Grateful Hearts, Appreciating Impact

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Young children are actively taught to “say Please” and “say Thank you.” For that matter, older children and teens may be reminded to use these good manners! 🙏But what does it mean to live a life of thankfulness?

There is a wide gap between merely saying words and actively living a grateful life. If you look at the most generous and caring people you know, they are also probably the most appreciative. People who are content with what they have are often ready to share.

Here are three simple ways to grow the practice of thankful living. For change-maker families, these are easy ways to further cultivate a habit of “sharing is caring.”

“Thanksgiving creates abundance.” Ann Voskamp

1. Be Thankful

For many of us, the word “thanksgiving” is directly associated with a holiday and traditions. A bountiful harvest. A time for reflection and giving thanks to God for the blessings of life. A time of abundance.

Being thankful and giving thanks should not be left to once a year. Take a family tradition from Thanksgiving and add it to your dinner time this week. ✨In our home we take turns and tell what we are thankful for. It’s a special time for listening to family members and personal reflection.

For young children, taking the time to reflect and acknowledge what they are thankful for is a great way to start a mindset of thankfulness. ✨In this moment, what evokes feelings and thoughts of thankfulness? ✨ Find out what makes this special?

✨✨At the end of this post is a PDF you can download. The first page is a sheet for drawing or written reflections for “I’m so thankful…” Have a conversation about this “thankful” reflection. What can you learn about each other and yourselves by what you are thankful for/about?

“Appreciation is a wonderful thing. It makes what is excellent in others belong to us as well.” Voltaire.

2. Show Appreciation

The word “appreciate” is rich with meanings. According to Oxford dictionaries the first definition is: recognize the full worth of and be grateful for (something). The third definition is: rise in value or price.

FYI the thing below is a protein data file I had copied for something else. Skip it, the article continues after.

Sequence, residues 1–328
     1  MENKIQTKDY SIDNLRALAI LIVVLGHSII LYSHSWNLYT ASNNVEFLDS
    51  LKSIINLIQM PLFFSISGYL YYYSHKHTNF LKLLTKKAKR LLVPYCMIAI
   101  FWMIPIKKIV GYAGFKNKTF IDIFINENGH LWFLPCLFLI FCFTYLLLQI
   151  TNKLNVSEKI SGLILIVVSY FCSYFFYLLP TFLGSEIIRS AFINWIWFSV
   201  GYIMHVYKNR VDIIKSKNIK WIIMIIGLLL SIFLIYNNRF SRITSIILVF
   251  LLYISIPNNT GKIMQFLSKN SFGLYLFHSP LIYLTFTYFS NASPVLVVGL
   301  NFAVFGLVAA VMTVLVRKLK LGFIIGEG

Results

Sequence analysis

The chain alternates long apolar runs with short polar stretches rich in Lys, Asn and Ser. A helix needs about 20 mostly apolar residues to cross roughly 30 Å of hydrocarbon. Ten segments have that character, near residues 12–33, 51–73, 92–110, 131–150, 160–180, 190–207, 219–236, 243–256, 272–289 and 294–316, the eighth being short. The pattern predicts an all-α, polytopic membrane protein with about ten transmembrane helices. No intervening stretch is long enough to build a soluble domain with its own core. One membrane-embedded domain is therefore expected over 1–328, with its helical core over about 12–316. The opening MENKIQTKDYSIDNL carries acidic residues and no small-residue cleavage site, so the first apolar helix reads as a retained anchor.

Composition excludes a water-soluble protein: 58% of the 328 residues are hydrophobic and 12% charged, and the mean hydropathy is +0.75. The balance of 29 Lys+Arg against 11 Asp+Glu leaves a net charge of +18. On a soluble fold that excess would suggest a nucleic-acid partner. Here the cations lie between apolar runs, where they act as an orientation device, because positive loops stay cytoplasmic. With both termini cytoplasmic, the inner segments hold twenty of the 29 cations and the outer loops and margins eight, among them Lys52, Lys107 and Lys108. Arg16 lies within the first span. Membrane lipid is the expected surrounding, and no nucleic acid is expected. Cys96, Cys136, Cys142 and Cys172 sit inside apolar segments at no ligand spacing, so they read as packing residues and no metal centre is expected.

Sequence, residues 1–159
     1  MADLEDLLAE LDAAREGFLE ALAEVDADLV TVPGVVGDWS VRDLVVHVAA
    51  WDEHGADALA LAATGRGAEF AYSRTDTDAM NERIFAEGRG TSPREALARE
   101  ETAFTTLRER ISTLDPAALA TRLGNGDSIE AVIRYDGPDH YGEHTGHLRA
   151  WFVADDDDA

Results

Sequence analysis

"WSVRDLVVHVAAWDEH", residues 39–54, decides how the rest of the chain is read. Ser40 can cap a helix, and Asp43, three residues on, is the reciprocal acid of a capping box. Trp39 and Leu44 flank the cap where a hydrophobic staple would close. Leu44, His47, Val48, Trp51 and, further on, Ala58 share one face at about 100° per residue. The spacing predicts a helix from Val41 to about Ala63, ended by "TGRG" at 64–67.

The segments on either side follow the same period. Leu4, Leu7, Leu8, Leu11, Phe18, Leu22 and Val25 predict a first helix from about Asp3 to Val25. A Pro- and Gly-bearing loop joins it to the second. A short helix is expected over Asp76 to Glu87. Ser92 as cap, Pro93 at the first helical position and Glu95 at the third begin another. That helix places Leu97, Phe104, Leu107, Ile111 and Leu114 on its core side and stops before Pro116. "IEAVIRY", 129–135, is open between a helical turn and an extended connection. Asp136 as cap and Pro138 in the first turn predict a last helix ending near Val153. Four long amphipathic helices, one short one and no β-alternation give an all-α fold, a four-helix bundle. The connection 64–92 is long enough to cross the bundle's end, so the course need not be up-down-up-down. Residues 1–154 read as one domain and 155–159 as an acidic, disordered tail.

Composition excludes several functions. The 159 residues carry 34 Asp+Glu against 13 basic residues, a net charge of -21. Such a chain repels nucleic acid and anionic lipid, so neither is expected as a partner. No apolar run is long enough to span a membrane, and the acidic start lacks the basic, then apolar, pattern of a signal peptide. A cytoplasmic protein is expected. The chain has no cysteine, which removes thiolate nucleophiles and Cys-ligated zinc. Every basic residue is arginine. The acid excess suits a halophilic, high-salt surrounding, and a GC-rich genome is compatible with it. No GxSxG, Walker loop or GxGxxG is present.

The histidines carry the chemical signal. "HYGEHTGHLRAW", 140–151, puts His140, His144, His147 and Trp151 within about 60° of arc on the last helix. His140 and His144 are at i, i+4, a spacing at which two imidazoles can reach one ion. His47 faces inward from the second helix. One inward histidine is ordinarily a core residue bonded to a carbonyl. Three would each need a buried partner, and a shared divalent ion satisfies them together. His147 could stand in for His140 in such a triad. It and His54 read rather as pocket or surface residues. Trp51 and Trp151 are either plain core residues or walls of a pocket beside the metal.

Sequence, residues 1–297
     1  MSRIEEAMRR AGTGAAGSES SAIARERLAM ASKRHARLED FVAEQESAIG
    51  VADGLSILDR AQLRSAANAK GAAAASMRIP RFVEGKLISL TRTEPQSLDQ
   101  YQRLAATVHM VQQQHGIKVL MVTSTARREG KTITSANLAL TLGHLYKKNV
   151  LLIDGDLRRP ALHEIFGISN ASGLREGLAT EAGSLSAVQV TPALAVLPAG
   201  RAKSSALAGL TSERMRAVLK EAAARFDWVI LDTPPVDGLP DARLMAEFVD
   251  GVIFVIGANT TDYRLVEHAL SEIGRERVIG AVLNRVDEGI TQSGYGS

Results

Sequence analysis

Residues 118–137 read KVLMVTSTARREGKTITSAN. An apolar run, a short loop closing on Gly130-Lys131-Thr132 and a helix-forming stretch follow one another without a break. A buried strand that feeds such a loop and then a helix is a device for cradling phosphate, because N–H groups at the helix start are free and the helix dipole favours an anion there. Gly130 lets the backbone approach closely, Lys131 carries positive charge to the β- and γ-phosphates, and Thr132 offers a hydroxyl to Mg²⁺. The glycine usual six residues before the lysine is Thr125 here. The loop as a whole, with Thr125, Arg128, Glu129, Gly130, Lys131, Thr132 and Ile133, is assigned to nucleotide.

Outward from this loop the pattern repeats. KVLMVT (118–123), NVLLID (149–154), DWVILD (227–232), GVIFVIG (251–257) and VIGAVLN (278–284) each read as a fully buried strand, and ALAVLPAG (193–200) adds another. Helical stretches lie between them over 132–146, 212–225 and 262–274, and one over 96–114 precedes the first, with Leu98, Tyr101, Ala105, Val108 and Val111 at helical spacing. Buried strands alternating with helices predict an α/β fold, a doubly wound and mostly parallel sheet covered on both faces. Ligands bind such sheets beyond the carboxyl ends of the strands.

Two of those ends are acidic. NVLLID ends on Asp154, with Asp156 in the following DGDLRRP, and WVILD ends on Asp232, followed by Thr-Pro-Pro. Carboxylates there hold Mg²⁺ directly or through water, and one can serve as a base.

✨Have a conversation around how you take care of things you appreciate. ✨What does is look like to appreciate people? ✨What does this quote mean to you? “Appreciation is a wonderful thing. It makes what is excellent in others belong to us as well,” Voltaire.

✨✨At the end of this post is a PDF you can download. The second page has the prompt “This week I appreciate.” As a family, spend a week where each person reflects on what or who they appreciate. You can make note of why you appreciate him or her. Or, you can write down what you do to demonstrate your appreciation. Or, you can make note of the value or worth that that person brings to your life. At the end of the week share your thoughts and celebrate the abundance of impact.

“Cultivate the habit of being grateful for every good thing that comes to you, and to give thanks continuously.” Ralph Waldo Emerson

3. Be Grateful

For years positive psychology has highlighted the positive impact from keeping a gratitude journal. The daily habit of being grateful–and seeking out things to be grateful for–actually has benefits to well-being and mental health.

✨An attitude of gratitude can be developed, and why not grow together as a family? ✨Spend a month looking for and noting what you are grateful for. ✨ Discuss the quote, “What we see mainly depends of what we look for,” John Lubbock, and how this can inspire your 31 Days of Gratitude.

✨✨At the end of this post is a PDF you can download. The third page is a blank calendar of 31 Days of Gratitude. You can make a copy for each person in your family, or use it as a collective gratitude journal for the month. At the end of the month, have a celebration for the many blessings and things that you might have taken for granted. How did your journey of gratitude impact your behavior and choices? What is the role of gratitude in your change-maker family?

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